Canada: Abilify Impulse Control: What Can I Do If I Think Abilify Caused Serious Compulsive Behaviour?

Last Updated: May 10 2017
Article by Paul Miller

"You did what?!" It's an entirely expected reaction when a loved one has done the unexpected. If someone acts in a way that is completely out of character it can be jarring and difficult for our brains to process. And when their actions have caused harm to them, us, or others, it is extremely distressing.

We may be concerned, angry, or tempted to pass judgment. But above all else, the question on our minds is "Why?" "Why would you do such a thing?" Sadly, the person may not know why if something beyond their knowledge and control caused them to act impulsively.

In this blog post I review how the popularly prescribed drug Abilify can cause these damaging "out of character" actions in some people, the signs to look for, and how to know if you may have a legal case to get compensation and damages for the harm the drug caused.

A Drug Meant to Help Can Also Hurt

Abilify (aripiprazole) is a second-generation, atypical anti-psychotic drug known as a stabilizer. Unlike earlier anti-psychotics that simply block the brain's chemical receptors to dopamine and serotonin – neurotransmitters that affect feelings associated with pleasure, mood, impulse and obsession – Abilify is supposed to adjust and balance the levels of these chemicals.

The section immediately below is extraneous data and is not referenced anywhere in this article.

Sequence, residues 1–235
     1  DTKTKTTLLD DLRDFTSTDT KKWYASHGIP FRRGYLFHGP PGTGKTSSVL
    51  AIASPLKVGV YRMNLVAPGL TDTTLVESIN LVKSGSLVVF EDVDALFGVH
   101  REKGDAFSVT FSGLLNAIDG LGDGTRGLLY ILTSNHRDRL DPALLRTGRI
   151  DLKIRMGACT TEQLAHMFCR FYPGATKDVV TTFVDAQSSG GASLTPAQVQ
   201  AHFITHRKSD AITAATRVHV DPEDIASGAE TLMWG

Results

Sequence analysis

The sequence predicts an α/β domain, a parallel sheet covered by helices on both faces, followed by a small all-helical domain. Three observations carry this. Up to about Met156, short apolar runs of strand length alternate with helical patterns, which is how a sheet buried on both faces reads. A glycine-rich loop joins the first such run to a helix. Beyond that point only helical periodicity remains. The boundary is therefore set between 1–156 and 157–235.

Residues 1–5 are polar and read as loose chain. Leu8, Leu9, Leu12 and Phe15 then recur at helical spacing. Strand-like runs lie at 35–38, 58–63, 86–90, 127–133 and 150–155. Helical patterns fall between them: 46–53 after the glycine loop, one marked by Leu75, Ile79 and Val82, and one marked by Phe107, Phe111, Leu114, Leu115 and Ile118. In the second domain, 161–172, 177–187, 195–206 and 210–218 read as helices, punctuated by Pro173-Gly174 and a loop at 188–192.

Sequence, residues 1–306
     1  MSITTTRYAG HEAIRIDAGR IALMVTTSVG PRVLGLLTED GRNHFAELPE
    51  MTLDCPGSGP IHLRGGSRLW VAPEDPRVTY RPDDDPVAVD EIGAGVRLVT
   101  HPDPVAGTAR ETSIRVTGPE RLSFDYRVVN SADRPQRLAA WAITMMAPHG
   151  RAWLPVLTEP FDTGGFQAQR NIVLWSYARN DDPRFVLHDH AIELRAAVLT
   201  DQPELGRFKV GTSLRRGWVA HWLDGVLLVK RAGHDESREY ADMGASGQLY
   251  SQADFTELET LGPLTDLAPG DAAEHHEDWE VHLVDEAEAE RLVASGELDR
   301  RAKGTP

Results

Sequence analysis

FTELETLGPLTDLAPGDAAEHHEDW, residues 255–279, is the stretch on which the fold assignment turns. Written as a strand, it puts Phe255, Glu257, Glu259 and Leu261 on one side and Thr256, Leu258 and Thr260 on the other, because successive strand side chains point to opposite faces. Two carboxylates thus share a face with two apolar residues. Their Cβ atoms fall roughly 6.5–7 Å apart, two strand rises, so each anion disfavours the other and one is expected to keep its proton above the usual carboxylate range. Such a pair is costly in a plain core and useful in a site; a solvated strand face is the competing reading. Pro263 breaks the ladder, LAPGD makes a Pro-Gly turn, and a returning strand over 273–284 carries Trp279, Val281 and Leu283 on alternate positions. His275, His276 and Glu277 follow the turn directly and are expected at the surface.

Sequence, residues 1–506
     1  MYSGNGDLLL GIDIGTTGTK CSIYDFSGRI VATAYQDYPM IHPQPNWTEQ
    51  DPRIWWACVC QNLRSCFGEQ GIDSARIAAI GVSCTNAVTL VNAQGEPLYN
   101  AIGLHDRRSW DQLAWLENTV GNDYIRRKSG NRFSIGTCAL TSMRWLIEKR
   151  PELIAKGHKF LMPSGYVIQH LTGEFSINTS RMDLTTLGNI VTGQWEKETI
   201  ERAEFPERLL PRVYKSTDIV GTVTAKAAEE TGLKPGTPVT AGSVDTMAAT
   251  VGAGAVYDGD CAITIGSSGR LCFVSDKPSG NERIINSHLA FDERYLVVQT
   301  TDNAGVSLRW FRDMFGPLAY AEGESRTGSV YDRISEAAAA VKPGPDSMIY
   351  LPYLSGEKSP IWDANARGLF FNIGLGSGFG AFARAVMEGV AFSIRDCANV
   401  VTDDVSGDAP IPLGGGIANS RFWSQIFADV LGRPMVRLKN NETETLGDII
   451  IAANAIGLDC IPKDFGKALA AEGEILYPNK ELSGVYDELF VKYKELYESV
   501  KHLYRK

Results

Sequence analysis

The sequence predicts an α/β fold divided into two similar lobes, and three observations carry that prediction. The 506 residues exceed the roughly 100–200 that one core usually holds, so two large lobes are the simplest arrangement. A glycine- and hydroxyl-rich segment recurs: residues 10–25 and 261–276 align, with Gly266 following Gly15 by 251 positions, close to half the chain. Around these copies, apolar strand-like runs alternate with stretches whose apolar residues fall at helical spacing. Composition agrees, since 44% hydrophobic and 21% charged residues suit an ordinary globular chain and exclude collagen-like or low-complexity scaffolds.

It is approved to treat schizophrenia and bipolar (Type I) in people 13 years of age or older in Canada, but it is also often prescribed for "off-label" uses, including for treatment of Tourette's syndrome, irritability related to autism, anxiety disorders, ADHD, and general depression. Although this drug has helped many people manage their mental health conditions safely and effectively, like most pharmaceuticals it has been found to cause side effects in some people.

Advertised side effects include nausea and/or vomiting, blurred vision, headache, insomnia, high blood sugar and diabetes, seizures, and strokes in the elderly, among others. However, Abilify's makers have not issued warnings about reported cases where people taking this drug engaged in destructive compulsive behaviour that was out of character and induced by a reaction to the drug.

What Are The Warning Signs Should I Look For?

Some people taking Abilify have conditions like bipolar (Type 1) that may already affect their impulse control abilities. If they have acted erratically or exhibited compulsive behaviour before taking Abilify, their "out of character" actions may not easily attributed to the effects of the drug itself. If the compulsive behaviour began after they began taking the drug or if their erratic actions differ significantly from their past behaviour, Abilify may be the likely culprit. Moreover, other people with no previous history of compulsive behaviour may begin acting out in harmful ways once they are on the medication. In both cases, ceasing to take Abilify should stop the compulsive behaviour for a causal effect to be shown.